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U.S. Navy Asbestos Exposure

Corpus Christi Naval Air StationTexans who served in the U.S. Navy as close to home as Corpus Christi, Texas Naval Air Station or as far away as the South Pacific or Vietnam faced a deadly threat — not just from the enemy, but tragically from the asbestos onboard their own ships. Decades later, that danger has surfaced in the form of asbestos related disease. Of the 2,500 to 3,000 Americans diagnosed annually with malignant mesothelioma, a significant percentage of those individuals served in the U.S. Navy from World War II to Vietnam.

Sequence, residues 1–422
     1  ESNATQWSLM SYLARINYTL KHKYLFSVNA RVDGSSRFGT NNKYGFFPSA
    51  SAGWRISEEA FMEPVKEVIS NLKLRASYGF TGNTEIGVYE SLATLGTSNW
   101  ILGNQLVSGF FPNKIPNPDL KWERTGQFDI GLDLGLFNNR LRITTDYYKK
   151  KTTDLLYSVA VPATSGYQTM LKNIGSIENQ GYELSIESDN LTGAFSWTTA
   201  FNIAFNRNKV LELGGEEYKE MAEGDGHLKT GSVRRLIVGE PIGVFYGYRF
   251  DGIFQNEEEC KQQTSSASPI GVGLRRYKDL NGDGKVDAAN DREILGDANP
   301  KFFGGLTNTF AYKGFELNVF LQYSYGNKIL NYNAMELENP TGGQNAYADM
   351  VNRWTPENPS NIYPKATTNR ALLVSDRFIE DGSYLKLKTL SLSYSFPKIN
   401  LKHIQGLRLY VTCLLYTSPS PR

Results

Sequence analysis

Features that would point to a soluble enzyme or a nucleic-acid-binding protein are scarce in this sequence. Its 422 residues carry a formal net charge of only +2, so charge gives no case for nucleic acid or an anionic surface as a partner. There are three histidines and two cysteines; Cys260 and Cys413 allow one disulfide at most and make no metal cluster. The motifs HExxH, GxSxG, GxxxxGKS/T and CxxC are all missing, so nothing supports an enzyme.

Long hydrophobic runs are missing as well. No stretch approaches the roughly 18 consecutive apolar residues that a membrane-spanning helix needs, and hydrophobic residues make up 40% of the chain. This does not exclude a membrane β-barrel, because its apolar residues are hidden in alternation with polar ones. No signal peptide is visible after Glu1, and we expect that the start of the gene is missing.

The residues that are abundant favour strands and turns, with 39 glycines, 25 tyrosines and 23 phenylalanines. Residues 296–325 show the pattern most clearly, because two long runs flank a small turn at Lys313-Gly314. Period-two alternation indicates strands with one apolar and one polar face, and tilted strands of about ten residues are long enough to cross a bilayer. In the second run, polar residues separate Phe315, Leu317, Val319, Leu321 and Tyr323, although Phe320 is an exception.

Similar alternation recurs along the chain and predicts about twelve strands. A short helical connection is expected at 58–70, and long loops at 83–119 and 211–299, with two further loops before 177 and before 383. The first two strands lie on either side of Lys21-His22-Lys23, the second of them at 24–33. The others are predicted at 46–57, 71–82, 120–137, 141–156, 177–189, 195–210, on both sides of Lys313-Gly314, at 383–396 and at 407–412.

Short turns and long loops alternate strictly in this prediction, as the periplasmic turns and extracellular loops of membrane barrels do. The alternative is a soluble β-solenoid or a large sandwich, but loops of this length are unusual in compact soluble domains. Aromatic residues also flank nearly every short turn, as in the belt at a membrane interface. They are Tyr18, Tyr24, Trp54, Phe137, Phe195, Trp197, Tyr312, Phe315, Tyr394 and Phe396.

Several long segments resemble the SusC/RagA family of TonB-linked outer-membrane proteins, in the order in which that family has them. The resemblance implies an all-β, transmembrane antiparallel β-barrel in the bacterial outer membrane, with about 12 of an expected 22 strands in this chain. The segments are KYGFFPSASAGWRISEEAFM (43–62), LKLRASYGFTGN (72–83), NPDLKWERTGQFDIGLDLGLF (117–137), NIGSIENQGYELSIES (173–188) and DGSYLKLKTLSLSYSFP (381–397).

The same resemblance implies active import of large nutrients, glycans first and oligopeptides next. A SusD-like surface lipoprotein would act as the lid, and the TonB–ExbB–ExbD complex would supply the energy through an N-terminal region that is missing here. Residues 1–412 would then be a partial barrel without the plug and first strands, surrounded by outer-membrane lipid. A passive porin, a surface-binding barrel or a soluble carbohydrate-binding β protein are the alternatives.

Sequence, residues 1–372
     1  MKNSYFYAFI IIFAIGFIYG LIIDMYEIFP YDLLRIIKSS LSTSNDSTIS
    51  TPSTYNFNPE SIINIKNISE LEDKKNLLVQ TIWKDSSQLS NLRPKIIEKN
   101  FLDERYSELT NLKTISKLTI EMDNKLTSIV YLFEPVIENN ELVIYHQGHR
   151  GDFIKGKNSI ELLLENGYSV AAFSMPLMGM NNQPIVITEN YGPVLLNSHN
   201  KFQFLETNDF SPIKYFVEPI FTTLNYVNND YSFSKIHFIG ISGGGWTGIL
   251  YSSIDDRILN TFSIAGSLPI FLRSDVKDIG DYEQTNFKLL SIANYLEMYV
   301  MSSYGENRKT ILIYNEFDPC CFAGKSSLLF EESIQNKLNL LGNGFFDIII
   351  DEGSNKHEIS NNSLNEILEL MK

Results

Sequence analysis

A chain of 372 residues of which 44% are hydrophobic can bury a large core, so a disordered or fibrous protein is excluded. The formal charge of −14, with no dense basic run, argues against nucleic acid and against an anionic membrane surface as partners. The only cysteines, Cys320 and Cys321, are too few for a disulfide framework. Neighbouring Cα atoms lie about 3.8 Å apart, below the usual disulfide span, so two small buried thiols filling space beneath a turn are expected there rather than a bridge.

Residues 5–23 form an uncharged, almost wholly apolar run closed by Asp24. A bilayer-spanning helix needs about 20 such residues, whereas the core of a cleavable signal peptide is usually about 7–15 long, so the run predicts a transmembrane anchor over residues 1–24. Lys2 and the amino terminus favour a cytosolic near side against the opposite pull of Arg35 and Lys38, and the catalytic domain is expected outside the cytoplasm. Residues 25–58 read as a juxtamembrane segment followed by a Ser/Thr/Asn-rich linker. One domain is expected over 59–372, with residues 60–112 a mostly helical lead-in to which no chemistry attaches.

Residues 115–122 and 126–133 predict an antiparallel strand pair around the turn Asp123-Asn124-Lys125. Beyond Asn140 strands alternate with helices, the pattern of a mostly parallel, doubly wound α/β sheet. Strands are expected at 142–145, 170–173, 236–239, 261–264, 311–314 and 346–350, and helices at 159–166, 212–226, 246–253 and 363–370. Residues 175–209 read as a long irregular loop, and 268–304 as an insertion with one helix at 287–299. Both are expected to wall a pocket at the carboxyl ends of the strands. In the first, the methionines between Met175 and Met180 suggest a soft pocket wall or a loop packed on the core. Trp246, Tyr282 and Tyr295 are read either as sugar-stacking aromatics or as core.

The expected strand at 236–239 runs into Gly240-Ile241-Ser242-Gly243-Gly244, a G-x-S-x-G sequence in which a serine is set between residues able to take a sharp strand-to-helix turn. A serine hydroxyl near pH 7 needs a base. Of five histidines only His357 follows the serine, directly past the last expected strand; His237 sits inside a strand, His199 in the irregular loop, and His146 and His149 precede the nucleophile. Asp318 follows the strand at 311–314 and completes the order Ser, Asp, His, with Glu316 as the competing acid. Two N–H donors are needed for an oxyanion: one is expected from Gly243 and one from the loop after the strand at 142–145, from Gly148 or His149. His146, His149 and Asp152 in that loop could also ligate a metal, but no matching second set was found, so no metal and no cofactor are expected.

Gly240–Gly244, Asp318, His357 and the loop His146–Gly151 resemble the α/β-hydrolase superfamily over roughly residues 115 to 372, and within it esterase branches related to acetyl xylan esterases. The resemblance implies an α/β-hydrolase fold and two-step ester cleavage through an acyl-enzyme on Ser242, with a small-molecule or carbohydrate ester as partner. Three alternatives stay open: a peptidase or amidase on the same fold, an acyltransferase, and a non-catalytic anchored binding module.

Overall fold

Ben DuBose has proudly represented veterans of World War II, Korea and Vietnam including the family of Admiral Elmo R. Zumwalt, Jr., Commander of US Naval Forces Vietnam (COMMNAVFORM) 1968 - 1970, Chief of Naval Operations in 1970 - 1974. Admiral Zumwalt was a trailblazer who instituted many reforms in the U.S. Navy during his service. Tragically, his service to our country exposed him to asbestos aboard U.S. Navy vessels. Ben was honored to represent the family of Admiral Zumwalt who passed away from malignant mesothelioma in January 2000.

Navy ship USS TexasOn this page you will find a listing of U.S. Navy ships in service during World War II, many of which also continued as part of the U.S. Navy fleet well into 1970s and 80s. All of these ships were steam-powered vessels that required the use of asbestos for thermal insulation and many other purposes.